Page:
Weaknesses will surface for fast-starting Predators
Posted: Friday October 28, 2005 1:13PM; Updated: Friday October 28, 2005 1:16PM
Columbus' Adam Foote tries to keep up with Nashville speedster Paul Kariya.
The Nashville Predators aren't all that good.
Don't get sucked in by that eight-game winning streak to start the season. This is not a powerhouse in the making. Outside of goaltender Tomas Vokoun, a player who just might be as underrated as Arrested Development, the Preds simply don't possess the mix of superstar power, experienced defense and veteran savvy that true contenders such as Detroit and Ottawa have in spades.
No, the Preds aren't that good. But they have proven by starting the season 8-0-1 to be a team that deserves respect.
Although their bid to go 82-0 was dashed by an overtime loss to lowly Columbus on Wednesday night, the Predators used the opening weeks of the season to demonstrate they're as well prepared to succeed in the new NHL as just about anyone.
If this game is to revolve around creativity rather than brute force, the Predators are the prototype. This is a well-coached, well-constructed team that keeps its cool in close games and believes the emblem on the front is more important than the name on the back.
The forward corps, led by Steve Sullivan,Scott Hartnell and Paul Kariya, cunningly blends exuberance and experience, speed and smarts, grit and finish. The defense capably pairs slick, speedy puck-movers like Marek Zidlicky and Dan Hamhuis, with stay-at-home earthmovers.
And then there's Vokoun, the 29-year-old workhorse (142 games over the last two seasons) who was rescued from the Canadiens' slag heap in the expansion draft only to mature into one of the finest stoppers in the world.
Blues defender Eric Weinrich defined the Preds' early success when he issued them the ultimate compliment. "They're a hard team to play against," he told reporters after a recent loss at Nashville's hands. "They work hard for what they get." Credit GM David Poile, the new model of the patient hockey architect, for building slowly through the draft while bolstering the team with key acquisitions along the way.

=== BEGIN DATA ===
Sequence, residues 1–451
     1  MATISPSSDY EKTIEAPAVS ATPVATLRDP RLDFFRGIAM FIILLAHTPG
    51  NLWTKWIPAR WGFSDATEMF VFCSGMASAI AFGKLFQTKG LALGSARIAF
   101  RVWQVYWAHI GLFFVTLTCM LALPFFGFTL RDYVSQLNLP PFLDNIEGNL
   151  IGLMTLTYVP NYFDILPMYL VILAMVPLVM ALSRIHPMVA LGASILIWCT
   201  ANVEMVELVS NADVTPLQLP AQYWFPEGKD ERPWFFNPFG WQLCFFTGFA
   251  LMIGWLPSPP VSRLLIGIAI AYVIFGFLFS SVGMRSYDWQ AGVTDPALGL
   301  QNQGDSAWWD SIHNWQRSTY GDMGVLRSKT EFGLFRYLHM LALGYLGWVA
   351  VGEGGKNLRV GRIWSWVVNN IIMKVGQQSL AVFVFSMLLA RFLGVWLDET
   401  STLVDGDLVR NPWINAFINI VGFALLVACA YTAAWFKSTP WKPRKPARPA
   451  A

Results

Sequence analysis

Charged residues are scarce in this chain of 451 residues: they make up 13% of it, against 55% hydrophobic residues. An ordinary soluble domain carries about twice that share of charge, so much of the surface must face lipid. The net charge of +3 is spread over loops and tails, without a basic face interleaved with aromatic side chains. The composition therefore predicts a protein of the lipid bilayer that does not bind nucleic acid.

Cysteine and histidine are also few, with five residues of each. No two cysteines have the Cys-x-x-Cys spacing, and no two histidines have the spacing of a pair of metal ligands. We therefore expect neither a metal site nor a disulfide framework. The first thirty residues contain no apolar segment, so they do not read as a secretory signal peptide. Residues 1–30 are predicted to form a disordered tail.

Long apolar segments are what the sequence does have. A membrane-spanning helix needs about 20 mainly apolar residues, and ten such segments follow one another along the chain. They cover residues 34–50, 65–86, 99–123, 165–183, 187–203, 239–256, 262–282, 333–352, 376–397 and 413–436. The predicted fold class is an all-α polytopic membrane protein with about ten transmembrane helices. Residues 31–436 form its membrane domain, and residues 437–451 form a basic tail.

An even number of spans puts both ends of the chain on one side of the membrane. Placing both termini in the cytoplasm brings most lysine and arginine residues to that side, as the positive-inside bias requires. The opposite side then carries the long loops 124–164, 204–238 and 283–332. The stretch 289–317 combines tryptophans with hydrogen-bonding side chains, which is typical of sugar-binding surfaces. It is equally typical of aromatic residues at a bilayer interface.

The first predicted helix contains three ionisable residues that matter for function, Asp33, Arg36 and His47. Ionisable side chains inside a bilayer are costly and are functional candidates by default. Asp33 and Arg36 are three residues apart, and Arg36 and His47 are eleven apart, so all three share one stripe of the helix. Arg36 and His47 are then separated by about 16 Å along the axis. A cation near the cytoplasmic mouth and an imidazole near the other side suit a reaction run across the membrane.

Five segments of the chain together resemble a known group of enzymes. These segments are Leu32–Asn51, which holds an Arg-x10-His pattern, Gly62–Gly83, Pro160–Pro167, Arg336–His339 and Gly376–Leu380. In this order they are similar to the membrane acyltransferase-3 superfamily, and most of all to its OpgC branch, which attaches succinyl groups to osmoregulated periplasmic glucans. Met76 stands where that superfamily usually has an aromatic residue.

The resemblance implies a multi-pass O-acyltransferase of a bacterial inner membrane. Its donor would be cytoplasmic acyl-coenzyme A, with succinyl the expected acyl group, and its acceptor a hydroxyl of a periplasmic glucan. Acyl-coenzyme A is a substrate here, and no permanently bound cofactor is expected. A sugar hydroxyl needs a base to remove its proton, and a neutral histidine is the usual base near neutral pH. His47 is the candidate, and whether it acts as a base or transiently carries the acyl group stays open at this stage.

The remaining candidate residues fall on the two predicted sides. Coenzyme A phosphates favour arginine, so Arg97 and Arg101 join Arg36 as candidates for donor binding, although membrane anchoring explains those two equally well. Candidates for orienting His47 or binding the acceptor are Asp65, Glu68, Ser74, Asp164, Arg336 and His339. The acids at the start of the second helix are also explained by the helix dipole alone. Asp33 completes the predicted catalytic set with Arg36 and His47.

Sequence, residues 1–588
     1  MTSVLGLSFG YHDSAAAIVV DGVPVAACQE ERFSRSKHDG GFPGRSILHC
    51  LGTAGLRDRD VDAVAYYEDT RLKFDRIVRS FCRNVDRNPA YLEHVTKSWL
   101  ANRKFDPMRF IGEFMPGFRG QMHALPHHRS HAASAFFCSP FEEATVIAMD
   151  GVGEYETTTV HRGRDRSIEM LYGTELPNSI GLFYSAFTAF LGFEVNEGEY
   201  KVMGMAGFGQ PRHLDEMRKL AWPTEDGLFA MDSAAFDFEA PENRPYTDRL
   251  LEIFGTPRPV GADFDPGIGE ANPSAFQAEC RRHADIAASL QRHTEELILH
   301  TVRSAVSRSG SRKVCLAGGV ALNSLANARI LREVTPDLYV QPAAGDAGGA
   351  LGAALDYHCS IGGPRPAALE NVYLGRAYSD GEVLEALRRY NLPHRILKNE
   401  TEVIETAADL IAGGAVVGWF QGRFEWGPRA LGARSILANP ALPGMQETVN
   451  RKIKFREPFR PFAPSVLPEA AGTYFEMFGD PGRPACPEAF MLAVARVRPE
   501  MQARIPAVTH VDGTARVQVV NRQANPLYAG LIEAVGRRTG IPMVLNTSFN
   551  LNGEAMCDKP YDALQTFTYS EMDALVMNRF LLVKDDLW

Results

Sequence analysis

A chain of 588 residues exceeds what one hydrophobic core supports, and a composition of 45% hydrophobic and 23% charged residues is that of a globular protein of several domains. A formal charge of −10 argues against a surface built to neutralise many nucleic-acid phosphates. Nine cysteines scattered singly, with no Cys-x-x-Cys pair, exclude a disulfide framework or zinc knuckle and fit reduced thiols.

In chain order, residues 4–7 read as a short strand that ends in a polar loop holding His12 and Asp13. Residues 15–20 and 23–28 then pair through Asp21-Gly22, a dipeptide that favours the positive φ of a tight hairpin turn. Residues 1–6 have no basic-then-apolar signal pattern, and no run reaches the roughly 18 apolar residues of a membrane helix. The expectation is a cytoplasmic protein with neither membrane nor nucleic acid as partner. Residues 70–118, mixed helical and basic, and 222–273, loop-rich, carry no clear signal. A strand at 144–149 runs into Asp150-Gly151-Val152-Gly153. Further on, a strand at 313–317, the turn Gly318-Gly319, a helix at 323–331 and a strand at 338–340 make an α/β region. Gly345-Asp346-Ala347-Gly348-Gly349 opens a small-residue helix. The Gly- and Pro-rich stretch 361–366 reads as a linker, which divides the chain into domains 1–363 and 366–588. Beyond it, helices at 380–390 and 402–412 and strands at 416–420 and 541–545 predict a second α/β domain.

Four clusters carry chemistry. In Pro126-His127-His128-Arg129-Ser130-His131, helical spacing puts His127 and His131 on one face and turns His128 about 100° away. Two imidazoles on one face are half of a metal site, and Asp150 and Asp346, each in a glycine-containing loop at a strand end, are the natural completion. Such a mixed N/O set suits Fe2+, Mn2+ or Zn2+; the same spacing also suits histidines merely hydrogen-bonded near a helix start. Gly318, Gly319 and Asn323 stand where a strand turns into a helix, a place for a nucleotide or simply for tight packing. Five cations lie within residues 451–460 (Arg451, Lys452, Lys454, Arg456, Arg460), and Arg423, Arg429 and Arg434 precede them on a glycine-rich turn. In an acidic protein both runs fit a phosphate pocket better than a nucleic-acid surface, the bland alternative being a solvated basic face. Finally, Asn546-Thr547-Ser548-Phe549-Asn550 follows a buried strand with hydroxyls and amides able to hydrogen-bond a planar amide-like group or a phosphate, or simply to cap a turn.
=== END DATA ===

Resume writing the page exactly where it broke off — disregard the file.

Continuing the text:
Sullivan, who now leads the Preds in virtually every offensive category, was acquired for a pair of second-rounders. Zidlicky, the gifted offensive defenseman who scored 53 points in 2003-04, was a throw-in in the deal that sent Mike Dunham to the Rangers.
But the turning point in the fortunes of the franchise may prove to be the signing of Kariya to a two-year deal during this summer's free-agent frenzy.
Even Poile was surprised he landed the veteran.
"I think that it's somewhat of a stunner that he chose here instead of going to some other bigger market," he said at the press conference announcing the signing.
After a disappointing one-year run in Denver, Kariya appears to be back in form, using the open ice created by the new rules to display the speed and guile that marked his early days in Anaheim. He's become the team's go-to guy in the shootout, and twice has sealed victories with the decisive goal.
But as much as he spices up the on-ice mix, Kariya's greatest impact on the team may have been on its confidence.
After all, when a guy who's scored 50 goals and been named a first or second All-Star four times wants to come to your party, maybe you've got something going after all.
But for all the positive results, there are underlying signs that must keep coach Barry Trotz awake at night.
While the scoring has been balanced, the second line still needs a talent upgrade. Size is a concern (the top six forwards average 5-11, 185). Speed and skill may carry the regular season, but you'll still need a Clydesdale or two in the playoffs until proven otherwise.